Fall Color Report - Fall Has Arrived in Asheville

Fall Foliage in Asheville on October 24Almost anywhere you go in the Asheville area now, you will find some level of fall color on display. The best news is that mild temperatures have created a unique long fall foliage season that is expected to extend well into November in the area. That means there is still time to get a room and plan a getaway to view the area in all its fall splendor.


The peak fall foliage is coming to a close at the highest elevations, although there is still a tremendous display even there. Areas like downtown Asheville and the surrounding neighborhoods are seeing the fall color come to life quickly, although there is still plenty of greenery waiting to surrender to fall. Lower elevations like Chimney Rock and Cherokee are seeing the first sparks of the fall color begin.


Fall Color Report (2,500 Elevation and Below)


After much anticipation, the fall color even in the middle and lower elevations is finally beginning to gain momentum. In Asheville, bursts of vivid colors are exploding throughout the town and surrounding neighborhoods. There is still much green showing, however, so there is still much time to see and experience the fall colors here.


At North Carolina Arboretum, the 434-acre garden is bursting with fall color. According to Alison Arnold, Director of Horticulture at the North Carolina Arboretum, the arboretum could be witnessing peak color this week or next. In the woods along trails, you can see red maples everywhere, as well as brilliant yellow hickory trees, pinkish-red sourwoods, pumpkin-orange sassafras and ruby red sumac.


Biltmore, fall color has now officially begun. "Gardens and woodlands are full of bright colors," said Parker Andes, Director of Horticulture. "People are stopping on roadsides to take pictures of sugar and red maples."


The fall wonderland on the 8,000-acre estate is just starting. "Maples and sourwoods are showing off with oranges and reds," Andes said. "Sassafras and gum trees add a rainbow mix of colors on the same plant. Oaks are just starting to hint at the colors they will show and one of our native shrubs, Hearts a’Bustin‚ is showing its fall berries."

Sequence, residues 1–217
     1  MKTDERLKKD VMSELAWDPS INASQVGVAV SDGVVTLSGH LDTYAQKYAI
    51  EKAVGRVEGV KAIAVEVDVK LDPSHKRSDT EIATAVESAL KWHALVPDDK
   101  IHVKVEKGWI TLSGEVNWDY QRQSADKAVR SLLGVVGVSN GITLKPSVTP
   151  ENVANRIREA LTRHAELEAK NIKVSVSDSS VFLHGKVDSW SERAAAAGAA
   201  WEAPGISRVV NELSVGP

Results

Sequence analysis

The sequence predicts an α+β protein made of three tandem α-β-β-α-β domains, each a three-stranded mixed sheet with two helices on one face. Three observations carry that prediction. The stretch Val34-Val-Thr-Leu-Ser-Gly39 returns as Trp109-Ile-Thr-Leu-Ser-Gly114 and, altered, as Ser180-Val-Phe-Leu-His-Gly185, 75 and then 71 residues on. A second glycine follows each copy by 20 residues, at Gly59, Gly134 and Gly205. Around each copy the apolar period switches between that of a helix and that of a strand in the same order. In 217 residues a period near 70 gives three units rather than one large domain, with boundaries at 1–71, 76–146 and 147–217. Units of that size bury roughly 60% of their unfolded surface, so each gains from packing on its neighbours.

The middle and lower elevations are still likely a week or two away from a color peak. Chimney Rock Park is easing into fall color, according to Naturalist Ron Lance. "The color peak of some higher elevations in the region will be past by the end of this week, but plenty of middle to lower elevations will be great. For Chimney Rock Park, yellows of hickory and birch are intensifying on drier slopes, as well as the reds of sourwood and blackgum. Expect a lot of green for at least another week here."


Fall Color Report (Above 2,500 Feet)


Fall Color on October 24The highest elevations in the Asheville area are just peaking, and still have significant and bold color.


"Fields of wildflowers still dominate the roadsides," according to the Blue Ridge Parkway Hotline. There are splendid displays, especially ideal for photography enthusiasts, of sunflowers, bee balm and crops of pumpkins.


"In the parkway's highest elevations, especially south of Asheville, the temperature dipped close to freezing about a week ago," the hotline states. "At 4,500 feet elevation, color change is expected to come on fast."


Those elevations at 5,000 feet and above, such as Graveyard Fields, "are very bright, although past their peak color at this time."


At Grandfather Mountain, there is still a tremendous amount of color to enjoy throughout the High Country. Leaves have peaked in the highest elevations, but the show is only just beginning in the 3,000-foot elevations near Elk Park, Boone and Valle Crucis. There will also be lots of color along the major routes coming up from the foothills.


Drive the Blue Ridge Parkway between Blowing Rock and Linville Falls (or on US 221 between Blowing Rock and Grandfather Mountain), especially near the Linn Cove Viaduct. Other colorful routes are NC 184 between the Village of Sugar Mountain and Banner Elk; NC 181 between Linville and Newland; US 19E between Newland and Roan Mountain; NC 194 between Elk Park and Valle Crucis; and NC 105 between Boone and Linville.

Photos taken Oct. 24 in downtown Asheville near the Asheville Visitor Center.

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